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1.
Anaesthesist ; 69(10): 717-725, 2020 Oct.
Article in German | MEDLINE | ID: covidwho-1453673

ABSTRACT

BACKGROUND: Following the regional outbreak in China, severe acute respiratory syndrome coronavirus 2 (SARS-CoV-2) has spread all over the world, presenting the healthcare systems with huge challenges worldwide. In Germany the coronavirus diseases 2019 (COVID-19) pandemic has resulted in a slowly growing demand for health care with a sudden occurrence of regional hotspots. This leads to an unpredictable situation for many hospitals, leaving the question of how many bed resources are needed to cope with the surge of COVID-19 patients. OBJECTIVE: In this study we created a simulation-based prognostic tool that provides the management of the University Hospital of Augsburg and the civil protection services with the necessary information to plan and guide the disaster response to the ongoing pandemic. Especially the number of beds needed on isolation wards and intensive care units (ICU) are the biggest concerns. The focus should lie not only on the confirmed cases as the patients with suspected COVID-19 are in need of the same resources. MATERIAL AND METHODS: For the input we used the latest information provided by governmental institutions about the spreading of the disease, with a special focus on the growth rate of the cumulative number of cases. Due to the dynamics of the current situation, these data can be highly variable. To minimize the influence of this variance, we designed distribution functions for the parameters growth rate, length of stay in hospital and the proportion of infected people who need to be hospitalized in our area of responsibility. Using this input, we started a Monte Carlo simulation with 10,000 runs to predict the range of the number of hospital beds needed within the coming days and compared it with the available resources. RESULTS: Since 2 February 2020 a total of 306 patients were treated with suspected or confirmed COVID-19 at this university hospital. Of these 84 needed treatment on the ICU. With the help of several simulation-based forecasts, the required ICU and normal bed capacity at Augsburg University Hospital and the Augsburg ambulance service in the period from 28 March 2020 to 8 June 2020 could be predicted with a high degree of reliability. Simulations that were run before the impact of the restrictions in daily life showed that we would have run out of ICU bed capacity within approximately 1 month. CONCLUSION: Our simulation-based prognosis of the health care capacities needed helps the management of the hospital and the civil protection service to make reasonable decisions and adapt the disaster response to the realistic needs. At the same time the forecasts create the possibility to plan the strategic response days and weeks in advance. The tool presented in this study is, as far as we know, the only one accounting not only for confirmed COVID-19 cases but also for suspected COVID-19 patients. Additionally, the few input parameters used are easy to access and can be easily adapted to other healthcare systems.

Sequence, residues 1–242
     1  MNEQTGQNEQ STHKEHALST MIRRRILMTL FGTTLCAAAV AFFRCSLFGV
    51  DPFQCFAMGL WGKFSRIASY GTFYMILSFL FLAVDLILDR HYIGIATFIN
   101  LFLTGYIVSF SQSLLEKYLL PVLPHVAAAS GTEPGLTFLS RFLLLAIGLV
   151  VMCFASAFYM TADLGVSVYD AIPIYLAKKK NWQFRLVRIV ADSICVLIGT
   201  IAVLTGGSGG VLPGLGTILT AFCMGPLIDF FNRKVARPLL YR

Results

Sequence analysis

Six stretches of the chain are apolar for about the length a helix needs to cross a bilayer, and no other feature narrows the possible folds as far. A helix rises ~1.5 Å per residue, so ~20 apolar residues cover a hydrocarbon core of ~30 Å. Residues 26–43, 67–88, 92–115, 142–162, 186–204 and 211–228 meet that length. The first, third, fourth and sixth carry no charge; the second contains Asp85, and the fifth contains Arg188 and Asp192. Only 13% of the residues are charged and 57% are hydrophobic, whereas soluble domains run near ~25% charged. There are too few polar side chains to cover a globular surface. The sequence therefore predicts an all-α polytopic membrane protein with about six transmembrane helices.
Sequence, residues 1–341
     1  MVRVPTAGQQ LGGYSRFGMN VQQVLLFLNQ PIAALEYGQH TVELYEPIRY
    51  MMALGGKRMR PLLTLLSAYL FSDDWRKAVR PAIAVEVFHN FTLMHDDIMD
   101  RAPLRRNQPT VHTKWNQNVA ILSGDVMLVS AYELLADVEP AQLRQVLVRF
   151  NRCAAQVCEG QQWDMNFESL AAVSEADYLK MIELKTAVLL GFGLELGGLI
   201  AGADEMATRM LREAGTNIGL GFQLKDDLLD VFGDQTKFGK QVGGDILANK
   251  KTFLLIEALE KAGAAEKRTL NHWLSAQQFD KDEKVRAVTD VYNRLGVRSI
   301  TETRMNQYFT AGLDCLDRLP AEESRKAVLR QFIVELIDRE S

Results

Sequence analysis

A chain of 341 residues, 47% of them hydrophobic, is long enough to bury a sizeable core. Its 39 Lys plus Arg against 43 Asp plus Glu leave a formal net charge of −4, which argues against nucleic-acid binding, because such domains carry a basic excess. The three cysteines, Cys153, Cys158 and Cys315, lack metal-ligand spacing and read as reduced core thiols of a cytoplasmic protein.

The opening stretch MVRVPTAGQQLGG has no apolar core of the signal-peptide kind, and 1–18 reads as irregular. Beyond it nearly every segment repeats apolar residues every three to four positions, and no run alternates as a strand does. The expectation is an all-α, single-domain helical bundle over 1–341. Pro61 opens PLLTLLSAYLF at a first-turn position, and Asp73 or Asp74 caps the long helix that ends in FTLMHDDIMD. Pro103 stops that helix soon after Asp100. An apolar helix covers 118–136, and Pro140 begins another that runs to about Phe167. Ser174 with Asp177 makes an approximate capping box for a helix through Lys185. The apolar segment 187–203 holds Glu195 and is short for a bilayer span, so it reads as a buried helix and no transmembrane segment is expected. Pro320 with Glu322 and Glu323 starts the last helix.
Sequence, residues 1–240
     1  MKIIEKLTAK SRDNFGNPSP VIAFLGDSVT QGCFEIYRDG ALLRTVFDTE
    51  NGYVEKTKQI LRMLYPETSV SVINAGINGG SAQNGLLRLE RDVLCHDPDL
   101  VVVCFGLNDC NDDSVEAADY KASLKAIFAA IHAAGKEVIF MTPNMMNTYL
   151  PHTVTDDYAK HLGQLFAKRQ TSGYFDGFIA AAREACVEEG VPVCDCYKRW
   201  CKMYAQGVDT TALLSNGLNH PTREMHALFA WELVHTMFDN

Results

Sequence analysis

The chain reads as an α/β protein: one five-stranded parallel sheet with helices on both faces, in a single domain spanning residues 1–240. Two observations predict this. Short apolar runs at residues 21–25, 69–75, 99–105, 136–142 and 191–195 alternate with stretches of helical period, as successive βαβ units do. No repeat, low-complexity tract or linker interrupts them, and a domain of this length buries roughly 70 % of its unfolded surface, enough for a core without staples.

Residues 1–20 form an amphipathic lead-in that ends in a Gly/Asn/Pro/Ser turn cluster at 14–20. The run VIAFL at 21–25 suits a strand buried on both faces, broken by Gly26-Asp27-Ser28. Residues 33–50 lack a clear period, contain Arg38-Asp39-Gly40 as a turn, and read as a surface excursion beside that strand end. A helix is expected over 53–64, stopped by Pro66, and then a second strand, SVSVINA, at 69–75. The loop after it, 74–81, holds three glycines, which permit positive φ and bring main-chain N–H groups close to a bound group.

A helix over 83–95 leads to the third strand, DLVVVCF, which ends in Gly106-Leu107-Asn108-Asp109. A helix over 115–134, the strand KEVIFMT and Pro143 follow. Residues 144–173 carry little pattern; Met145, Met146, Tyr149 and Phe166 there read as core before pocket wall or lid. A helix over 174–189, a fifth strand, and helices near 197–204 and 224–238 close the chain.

Subject(s)
Coronavirus Infections/therapy , Critical Care/organization & administration , Hospital Bed Capacity , Hospitals, University/organization & administration , Intensive Care Units/organization & administration , Pneumonia, Viral/therapy , Betacoronavirus/isolation & purification , COVID-19 , Coronavirus Infections/epidemiology , Critical Care/statistics & numerical data , Germany , Hospitals, University/statistics & numerical data , Humans , Intensive Care Units/statistics & numerical data , Pandemics , Pneumonia, Viral/epidemiology , Prognosis , SARS-CoV-2
2.
Medicine (Baltimore) ; 100(32): e26847, 2021 Aug 13.
Article in English | MEDLINE | ID: covidwho-1358517

ABSTRACT

ABSTRACT: Infectious disease pandemics has a great impact on the use of medical facilities. The purpose of this study was to analyze the effects of coronavirus disease 2019 (COVID-19) on the use of emergency medical facilities in the Republic of Korea. This single-center, retrospective observational study was conducted in a tertiary teaching hospital located in Incheon Metropolitan City, Republic of Korea. We set the pandemic period as February 19, 2020 to April 18, 2020, and the control period was set to the same period in 2018 and 2019. All consecutive patients who visited the emergency department (ED) during the study period were included. Patients were divided into 3 groups according to age (pediatric patients, younger adult patients and older adult patients). The total number, demographics, clinical data, and diagnostic codes of ED patients were analyzed. The total number of ED patients in the pandemic period was lower than that in the control period, which was particularly pronounced for pediatric patients. The proportion of patients who used the 119 ambulances increased in all 3 groups (P  = .002, P < .001, and P = .001), whereas the proportion of patients who visited on foot was decreased (P  = .006, P < .001, and P = .027). In terms of diagnostic codes, a significant decrease was observed in the proportion of certain infectious or parasitic diseases (A00-B99), and respiratory diseases (J00-J99) in the pediatric and younger adult patient groups (P < .001 and P < .001, respectively). The COVID-19 pandemic reduced the number of ED patients; however, the proportion of patients using ambulances increased. In particular, the proportion of patients with diagnostic codes for infectious and respiratory diseases significantly decreased during the pandemic period.